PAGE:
The colourants, additives and masterbatch industry showed at the recent K 2016 fair that the relentless march towards product innovation continues, despite the various challenges, including political and economic resulting in price volatility and changes to national and international standards.
PolyOne debuted Impress-brand ultra-glossy metallic colourants. This new technology enables packaging manufacturers to realise new combinations of colour and gloss to create packaging with an attention grabbing appearance. The new Impress metallic effect materials add value to packaging made with semi-crystalline polymers such as, PET, polycarbonate and ABS, says PolyOne.
The firm's On-Color BIO masterbatch concentrates are now certified for at home composting. PolyOne says this step is important because of two new laws in France and the likelihood such laws will be introduced in other countries. At-home composting is at lower temperatures and pressure than industrial composting.
Meanwhile, Baerlocher is pushing into the recycling market with its resin stabilisation technology. It says its Baerpol RST brand is an off-shot of work the company was doing with a major resin maker when employees realised the stabiliser also had applications downstream in the recycling market as well.
Baerlocher views its RST as a substitute for a long-standing additive that has been the go-to for recycled resins for the last generation.
Gregory Anderson, business manager for Baerlocher, says: “The RST technology can be substituted for phosphites in a typical antioxidant package. And one of the reasons that we have taken it into the recycling industry is it also has good antacid properties.”
The company's RST approach saves customers about 25% when compared to phosphites, but the company touts attributes beyond just that including solubility, colour and melt stabilisation, before it even brings up pricing.
Arne Schulle, chief executive of the Baerlocher Group, says the technology launch into the new business space is based on his company's experience in oleo-chemistry. “New customers are evaluating these exciting new products every day and their feedback has been very positive,” he says.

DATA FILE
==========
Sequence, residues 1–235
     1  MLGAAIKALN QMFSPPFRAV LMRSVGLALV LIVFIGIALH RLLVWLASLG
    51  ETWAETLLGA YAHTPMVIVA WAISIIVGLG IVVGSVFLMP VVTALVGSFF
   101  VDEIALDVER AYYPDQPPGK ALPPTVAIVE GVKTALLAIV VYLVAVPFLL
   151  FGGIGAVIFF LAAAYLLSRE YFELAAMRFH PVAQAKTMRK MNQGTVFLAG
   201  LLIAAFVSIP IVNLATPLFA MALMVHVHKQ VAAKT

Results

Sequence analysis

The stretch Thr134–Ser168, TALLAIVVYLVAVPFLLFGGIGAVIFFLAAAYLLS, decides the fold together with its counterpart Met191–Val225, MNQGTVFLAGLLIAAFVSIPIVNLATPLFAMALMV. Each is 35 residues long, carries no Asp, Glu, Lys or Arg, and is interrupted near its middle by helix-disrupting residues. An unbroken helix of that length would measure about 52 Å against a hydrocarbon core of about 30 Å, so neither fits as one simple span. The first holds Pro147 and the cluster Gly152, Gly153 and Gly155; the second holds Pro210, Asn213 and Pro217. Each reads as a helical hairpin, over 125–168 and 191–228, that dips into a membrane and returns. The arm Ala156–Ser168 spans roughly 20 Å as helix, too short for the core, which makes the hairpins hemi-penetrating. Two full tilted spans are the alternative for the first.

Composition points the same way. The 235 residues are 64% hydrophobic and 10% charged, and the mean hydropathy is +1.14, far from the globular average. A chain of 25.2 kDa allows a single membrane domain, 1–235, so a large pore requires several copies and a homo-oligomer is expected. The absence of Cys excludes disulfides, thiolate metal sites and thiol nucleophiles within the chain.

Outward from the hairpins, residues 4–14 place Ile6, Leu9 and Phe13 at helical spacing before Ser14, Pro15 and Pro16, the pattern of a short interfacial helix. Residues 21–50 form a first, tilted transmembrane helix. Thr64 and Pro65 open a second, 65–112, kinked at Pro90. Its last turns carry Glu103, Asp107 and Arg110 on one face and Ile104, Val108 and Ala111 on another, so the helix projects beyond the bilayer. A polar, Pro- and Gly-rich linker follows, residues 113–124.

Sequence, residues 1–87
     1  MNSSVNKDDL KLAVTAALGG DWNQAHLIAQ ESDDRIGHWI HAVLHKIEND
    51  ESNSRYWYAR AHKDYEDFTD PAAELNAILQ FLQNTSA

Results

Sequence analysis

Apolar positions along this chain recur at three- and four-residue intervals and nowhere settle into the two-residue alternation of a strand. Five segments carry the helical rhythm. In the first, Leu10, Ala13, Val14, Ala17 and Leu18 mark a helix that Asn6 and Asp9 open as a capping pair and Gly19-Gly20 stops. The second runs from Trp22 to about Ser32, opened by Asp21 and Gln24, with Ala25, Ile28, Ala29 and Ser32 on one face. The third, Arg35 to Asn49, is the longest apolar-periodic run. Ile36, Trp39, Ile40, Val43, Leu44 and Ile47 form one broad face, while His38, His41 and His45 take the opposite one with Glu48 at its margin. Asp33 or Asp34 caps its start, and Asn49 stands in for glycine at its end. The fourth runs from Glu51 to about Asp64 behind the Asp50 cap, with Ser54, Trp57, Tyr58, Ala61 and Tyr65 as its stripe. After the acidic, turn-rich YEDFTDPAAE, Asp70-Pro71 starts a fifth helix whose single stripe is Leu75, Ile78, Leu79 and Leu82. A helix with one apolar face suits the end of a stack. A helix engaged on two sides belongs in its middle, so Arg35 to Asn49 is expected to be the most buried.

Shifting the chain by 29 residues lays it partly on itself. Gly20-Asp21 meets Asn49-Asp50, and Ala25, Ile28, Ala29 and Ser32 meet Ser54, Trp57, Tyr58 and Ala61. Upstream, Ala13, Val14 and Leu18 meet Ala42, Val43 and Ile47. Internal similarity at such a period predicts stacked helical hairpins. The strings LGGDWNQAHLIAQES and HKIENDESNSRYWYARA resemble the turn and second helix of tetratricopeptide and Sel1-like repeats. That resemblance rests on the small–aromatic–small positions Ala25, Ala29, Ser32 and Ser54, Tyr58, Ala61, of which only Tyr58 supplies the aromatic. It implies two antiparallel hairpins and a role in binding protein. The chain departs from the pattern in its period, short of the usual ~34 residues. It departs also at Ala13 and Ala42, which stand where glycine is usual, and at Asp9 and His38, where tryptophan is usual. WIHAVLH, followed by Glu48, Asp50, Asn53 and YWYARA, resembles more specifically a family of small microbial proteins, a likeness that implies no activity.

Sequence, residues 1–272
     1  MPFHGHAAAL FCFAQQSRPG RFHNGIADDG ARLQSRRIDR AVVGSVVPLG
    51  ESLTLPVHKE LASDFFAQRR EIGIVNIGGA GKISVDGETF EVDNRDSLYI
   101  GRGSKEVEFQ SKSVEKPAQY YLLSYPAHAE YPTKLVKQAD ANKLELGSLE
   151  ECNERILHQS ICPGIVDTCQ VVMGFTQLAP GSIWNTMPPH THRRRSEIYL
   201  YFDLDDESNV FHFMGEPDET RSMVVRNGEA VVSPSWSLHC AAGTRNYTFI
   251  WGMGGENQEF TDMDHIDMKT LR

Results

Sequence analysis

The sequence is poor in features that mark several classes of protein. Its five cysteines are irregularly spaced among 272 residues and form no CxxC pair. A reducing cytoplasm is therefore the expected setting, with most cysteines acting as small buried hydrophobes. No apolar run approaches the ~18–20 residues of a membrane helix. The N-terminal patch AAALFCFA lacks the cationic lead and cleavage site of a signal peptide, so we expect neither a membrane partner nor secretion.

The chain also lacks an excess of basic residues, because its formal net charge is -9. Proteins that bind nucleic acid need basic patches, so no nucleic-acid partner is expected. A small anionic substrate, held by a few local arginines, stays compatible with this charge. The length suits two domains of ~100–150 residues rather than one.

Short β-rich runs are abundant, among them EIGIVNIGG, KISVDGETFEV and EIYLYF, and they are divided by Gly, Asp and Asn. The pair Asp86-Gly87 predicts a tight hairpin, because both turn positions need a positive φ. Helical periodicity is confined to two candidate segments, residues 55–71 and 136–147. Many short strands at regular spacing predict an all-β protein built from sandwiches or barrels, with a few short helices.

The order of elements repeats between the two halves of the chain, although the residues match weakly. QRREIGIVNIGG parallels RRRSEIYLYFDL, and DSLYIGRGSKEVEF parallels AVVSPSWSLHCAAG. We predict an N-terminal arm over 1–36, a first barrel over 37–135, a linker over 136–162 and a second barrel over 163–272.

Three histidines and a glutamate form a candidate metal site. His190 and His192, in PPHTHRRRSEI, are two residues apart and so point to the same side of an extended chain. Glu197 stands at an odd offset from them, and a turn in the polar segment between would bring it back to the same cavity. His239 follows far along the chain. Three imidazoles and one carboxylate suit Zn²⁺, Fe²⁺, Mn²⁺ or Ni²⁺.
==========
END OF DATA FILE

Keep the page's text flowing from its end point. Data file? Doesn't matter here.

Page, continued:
Sanitized spoke about what it believes is the most significant development in 2016 - the Biocide Product Registration which requires formulations based on now registered active materials registration data to be submitted to the respective authorities in Europe. It says: “Additive masterbatches containing such active substances will therefore have to be registered in the future for the use in European markets.”
Sanitized believes that the availability of additive masterbatches containing a biocide will be limited due to the constraints and costs involved in the registration process. However it will continue “to take the necessary steps to maintain its product range in the future. Our regulatory affairs department has many years of expertise and we are happy to advise customers accordingly.”
It has developed a new product Sanitized PL 14-32 as a highly effective and long-lasting antimicrobial protection for flexible polymer applications. Besides thermal stability and compatibility with most formulations, Sanitized PL 14-32 provides water resistance as well as high UV resistance and no yellowing after UV exposure. It protects the material against unwanted effects of microbes, like bacteria, mould, mildew, yeast and algae – all of which can cause material destruction, unsightly stains, cross contamination, odour development and biofilm formation.
Beside thermal and colour stability, the antimicrobial efficiency was checked in several formulations. The product is supported under the European Union's Biocidal Products Regulation and the active substances are approved under the US EPA.
The move towards sustainability and greener products/applications was another trend highlighted by additive manufacturers. Imerys showcased the environmental and technical advantages of its high-performance minerals for automotive lightweighting, recycled plastics and odour- and VOC-reduction, thermally conductive plastic materials.
It has developed new HAR 3G talcs for automotive lightweighting using a patented process that results in very high aspect ratio talc. HAR 3G significantly enhances the performance of TPO and PP compounds where it increases stiffness, maintains good impact resistance and lowers coefficient of linear thermal expansion, allowing designers to achieve zero gap tolerancing. Imerys says: “This unique combination of physical properties makes it possible to reduce wall thickness and weight, helping automotive OEM's meet overall vehicle weight reduction goals with a corresponding improvement in fuel economy.
Perstorp believes the plastics industry needs to provide alternatives that are sustainable without compromising on quality at a reasonable cost and cites its Pevalen non-phthalate plasticiser, which has been awarded an Eco passport by the International Association for Research and Testing in the Field of Textile Ecology, as an example.
This certifies Pevalen can be used in sustainable textile production and verifies that using this plasticiser in textiles has no harmful effects on human health or the environment. “We are very proud to have received this important independent certification!” says Håkan Björnberg, Perstorp's vice-president of Innovation. “It confirms that Perstorp is on track with its ambitions to create safe and sustainable solutions.
”Along with a continuously increasing demand for Pevalen because of its non-phthalate nature, we have also seen an increased demand for OEKO-TEX certification from the coated fabrics industry.”
He adds: “This certificate assures customers requiring a high-performance non-phthalate plasticiser for their PVC coated textiles that Pevalen is the choice for them.” Perstorp is the first company to introduce PETV to the market.”